- Environmentally unsustainable. Glyphosate herbicide is extensively sprayed on GMO soy and corn crops that are commonly used for animal feed, which harms the health of animals, not to mention the humans who consume them. It has also decimated many bee colonies and almost 90% of the monarch butterflies and created super weeds that require even more toxic chemicals to control. The founder of Impossible Foods wanted to create a truly sustainable global food system. By opting to use GMO soy as a major ingredient and indirectly supporting the use of glyphosate, the company’s business model does not contribute to a sustainable environment at all.
- Allergy from GM ingredients. The GM ingredients of the Impossible Burger, which includes a GM yeast and GM soy leghemoglobin proteins, may cause allergic reactions in susceptible individuals. These ingredients have never appeared in the human food supply before and have not been properly safety tested for long-term consumption.
Processed Foods With Additives
Both faux beef burgers contain processed protein with many additives. These burgers are created in a lab made from plant products and additives designed to emulate the taste and texture of real beef. Therefore, they cannot be considered as wholesome, real food.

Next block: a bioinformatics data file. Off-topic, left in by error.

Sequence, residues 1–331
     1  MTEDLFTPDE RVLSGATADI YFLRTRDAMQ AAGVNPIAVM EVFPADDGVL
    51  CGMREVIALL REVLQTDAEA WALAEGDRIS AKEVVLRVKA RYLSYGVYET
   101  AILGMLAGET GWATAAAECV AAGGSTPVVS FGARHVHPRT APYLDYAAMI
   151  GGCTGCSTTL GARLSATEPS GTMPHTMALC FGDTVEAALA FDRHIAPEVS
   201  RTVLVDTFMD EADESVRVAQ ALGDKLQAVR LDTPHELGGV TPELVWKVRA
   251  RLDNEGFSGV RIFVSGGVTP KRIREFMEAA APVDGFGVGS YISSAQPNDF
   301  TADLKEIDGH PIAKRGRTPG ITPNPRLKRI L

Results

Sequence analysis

Which Tastes Better?
The general opinion is that the Impossible Burger definitely tastes and looks more like beef, probably to the point that it can gross out the vegans. It charrs on the outside, has a pink center and is juicy.
The Beyond Burger has more of a coconut aftertaste and is not as beefy. The patty is a little bit spongier and the flavor of different veggie proteins is more apparent. The meat does not bleed or has the same kind of juiciness. It has the same consistency and flavor throughout despite being cooked on a grill.
Which Is Better For You And The Environment?